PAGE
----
A new life
I am forty years old and I am starting a new life. Thank you, Israel, and thanks to Yad L’ Ami who has helped our family!
For the last seven years, I’ve been working for Radio Liberty as a producer of human rights programs and as the editor-in-chief of the economic sector on the website. Before that, I worked at the television channel Dozhd, where I covered live the Maidan protests in 2013; then I worked in other media but, one after the other, all of them were shut down in Russia because of the political situation. Over the past two years in Russia, it has become more and more dangerous to work in the opposition media, but I continued to live and work in Moscow. This was especially so since in 2019 my husband and I decided that we would try to make Aliyah. Both my husband and I are the grandchildren of Jews, so making Aliyah took a little longer than for those raised in Jewish homes. But we were in no hurry; we wanted to do it in a careful way because we have two children, now aged 12 and 13, and we wanted to prepare them gently for life in Israel and learning the Hebrew language.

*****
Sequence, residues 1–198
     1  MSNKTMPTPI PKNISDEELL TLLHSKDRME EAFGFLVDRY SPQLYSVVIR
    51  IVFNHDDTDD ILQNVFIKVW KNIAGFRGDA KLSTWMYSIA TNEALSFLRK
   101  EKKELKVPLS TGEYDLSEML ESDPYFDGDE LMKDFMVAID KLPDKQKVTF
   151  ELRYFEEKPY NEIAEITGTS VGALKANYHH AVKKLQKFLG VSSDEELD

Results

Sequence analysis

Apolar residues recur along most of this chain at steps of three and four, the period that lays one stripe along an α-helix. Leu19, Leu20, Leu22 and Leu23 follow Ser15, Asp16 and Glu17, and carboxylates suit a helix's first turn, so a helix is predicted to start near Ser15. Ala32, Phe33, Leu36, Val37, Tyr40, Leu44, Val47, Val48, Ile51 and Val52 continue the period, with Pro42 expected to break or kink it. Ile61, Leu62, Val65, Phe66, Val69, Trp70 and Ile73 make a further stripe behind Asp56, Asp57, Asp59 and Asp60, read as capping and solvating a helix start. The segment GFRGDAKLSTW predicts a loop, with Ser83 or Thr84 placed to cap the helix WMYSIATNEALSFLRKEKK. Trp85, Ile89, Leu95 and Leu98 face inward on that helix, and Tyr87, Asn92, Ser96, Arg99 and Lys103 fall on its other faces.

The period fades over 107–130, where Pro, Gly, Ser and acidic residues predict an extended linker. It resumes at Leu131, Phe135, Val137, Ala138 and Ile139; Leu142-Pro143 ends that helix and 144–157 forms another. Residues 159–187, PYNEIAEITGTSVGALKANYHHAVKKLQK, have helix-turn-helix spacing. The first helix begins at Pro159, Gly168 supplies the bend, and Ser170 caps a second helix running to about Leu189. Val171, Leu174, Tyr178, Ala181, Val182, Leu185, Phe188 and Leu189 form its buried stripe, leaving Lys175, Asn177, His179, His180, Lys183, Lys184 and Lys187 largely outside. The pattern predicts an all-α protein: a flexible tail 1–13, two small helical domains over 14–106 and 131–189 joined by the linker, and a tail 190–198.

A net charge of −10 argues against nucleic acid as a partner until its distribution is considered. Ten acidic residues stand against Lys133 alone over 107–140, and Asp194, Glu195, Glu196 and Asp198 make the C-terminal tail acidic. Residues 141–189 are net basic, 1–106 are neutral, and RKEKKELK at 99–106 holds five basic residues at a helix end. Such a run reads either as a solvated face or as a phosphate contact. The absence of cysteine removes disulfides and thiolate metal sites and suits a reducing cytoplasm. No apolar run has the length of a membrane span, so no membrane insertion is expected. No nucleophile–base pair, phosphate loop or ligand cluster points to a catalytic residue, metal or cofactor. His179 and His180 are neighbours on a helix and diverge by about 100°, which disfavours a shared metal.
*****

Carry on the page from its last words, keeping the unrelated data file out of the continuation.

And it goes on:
We had a small but very comfortable apartment in Moscow; the children slept in the same room and the family barely fit in the kitchen, but it was our home and we loved it. A year before the war, Radio Liberty moved most of its staff out of Russia. I remained in Moscow, because the Russian service continued to work in Russia. During that year, almost all of my work colleagues’ homes were raided by the police; some were jailed for espionage, some received huge fines: working in Russia was already dangerous. On February 23, our dog was not feeling well and the veterinary clinic informed us that the dog urgently needed an operation. That night, we brought the bandaged and drowsy dog back home amid the news of the start of Putin’s war. My husband Misha was in shock; he lay awake all night and early in the morning it was clear that we had to leave Russia urgently. But we didn’t know how to proceed. We had already received approval from the Israeli consul to make Aliyah, and were awaiting the arrival of new passports into which Israeli visas would be stamped.